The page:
Woodson suggests that a portion of the funds allocated for Chapter 1 should be used to provide vouchers to parents, giving them the freedom to choose schools for their children. Despite the positive opinions expressed by Secretary of Education William J. Bennett and Vice-President George Bush, there are concerns among seminar participants that the Administration’s plan to freeze Chapter 1 funding for fiscal 1986 would exclude many more children from the program. Additionally, converting the program into a voucher system could put its long-term survival at risk.

Representative Hawkins, on the other hand, is confident that there is a significant group of supporters who firmly believe in Chapter 1. Despite acknowledging the program’s initial challenges, he emphasizes its importance and vitality throughout the years. If American students are indeed experiencing a decline in educational achievement, Hawkins argues that Chapter 1 becomes even more crucial and essential than ever before.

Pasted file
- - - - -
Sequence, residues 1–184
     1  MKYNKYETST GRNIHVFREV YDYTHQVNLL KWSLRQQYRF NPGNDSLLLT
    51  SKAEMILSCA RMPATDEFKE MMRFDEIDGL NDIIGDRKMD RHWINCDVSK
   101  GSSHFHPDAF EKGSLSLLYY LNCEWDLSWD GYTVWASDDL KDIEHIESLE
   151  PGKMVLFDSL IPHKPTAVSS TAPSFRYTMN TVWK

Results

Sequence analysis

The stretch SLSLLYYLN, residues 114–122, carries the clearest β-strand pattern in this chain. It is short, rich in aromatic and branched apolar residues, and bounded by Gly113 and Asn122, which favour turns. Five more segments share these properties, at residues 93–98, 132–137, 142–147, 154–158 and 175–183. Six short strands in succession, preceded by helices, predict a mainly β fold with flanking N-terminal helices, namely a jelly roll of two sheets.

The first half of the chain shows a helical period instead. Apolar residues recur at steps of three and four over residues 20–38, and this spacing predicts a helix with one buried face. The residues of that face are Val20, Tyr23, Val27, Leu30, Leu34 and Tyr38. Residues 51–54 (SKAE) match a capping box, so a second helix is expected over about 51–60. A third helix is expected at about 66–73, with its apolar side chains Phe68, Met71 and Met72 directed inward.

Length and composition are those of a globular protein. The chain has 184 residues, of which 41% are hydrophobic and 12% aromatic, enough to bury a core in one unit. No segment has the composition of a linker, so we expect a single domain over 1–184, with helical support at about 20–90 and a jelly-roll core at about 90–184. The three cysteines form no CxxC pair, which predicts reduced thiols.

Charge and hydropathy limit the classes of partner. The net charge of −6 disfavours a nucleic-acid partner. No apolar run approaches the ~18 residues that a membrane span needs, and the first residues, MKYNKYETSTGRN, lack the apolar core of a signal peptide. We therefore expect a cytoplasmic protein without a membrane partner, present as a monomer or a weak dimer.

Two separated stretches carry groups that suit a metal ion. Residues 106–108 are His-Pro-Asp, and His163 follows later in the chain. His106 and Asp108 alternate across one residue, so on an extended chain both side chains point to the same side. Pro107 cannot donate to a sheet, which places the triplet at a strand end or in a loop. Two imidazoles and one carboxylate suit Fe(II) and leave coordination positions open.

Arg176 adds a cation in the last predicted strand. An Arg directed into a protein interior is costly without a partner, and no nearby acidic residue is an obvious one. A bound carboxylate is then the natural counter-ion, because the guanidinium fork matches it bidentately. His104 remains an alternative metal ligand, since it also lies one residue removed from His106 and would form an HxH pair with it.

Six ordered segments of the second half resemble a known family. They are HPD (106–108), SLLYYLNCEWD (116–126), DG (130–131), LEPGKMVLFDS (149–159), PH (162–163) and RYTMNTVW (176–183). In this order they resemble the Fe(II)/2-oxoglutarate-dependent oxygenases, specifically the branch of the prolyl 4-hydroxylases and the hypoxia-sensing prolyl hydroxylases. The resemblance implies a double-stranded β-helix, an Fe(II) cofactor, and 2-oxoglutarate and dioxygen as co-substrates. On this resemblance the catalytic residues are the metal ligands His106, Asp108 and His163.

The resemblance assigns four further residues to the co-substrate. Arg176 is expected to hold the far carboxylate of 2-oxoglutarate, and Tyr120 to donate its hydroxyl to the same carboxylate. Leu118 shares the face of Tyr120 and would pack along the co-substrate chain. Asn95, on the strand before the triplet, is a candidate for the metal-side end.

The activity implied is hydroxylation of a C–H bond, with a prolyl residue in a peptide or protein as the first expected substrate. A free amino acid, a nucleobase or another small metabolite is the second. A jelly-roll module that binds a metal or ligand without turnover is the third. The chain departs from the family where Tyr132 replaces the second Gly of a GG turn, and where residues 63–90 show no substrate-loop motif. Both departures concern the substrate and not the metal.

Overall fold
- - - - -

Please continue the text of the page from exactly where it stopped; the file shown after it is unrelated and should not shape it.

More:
Later this month, Education Week will explore the 20th anniversary of Project Head Start.

Author

  • rhysgraham

    Rhys Graham is an educational blogger and professor who writes about topics such as literacy, mathematics, and science. He has written several books, including one on the history of science. He is also the co-founder of the website Learn Out Loud, which helps educators create and share classroom activities.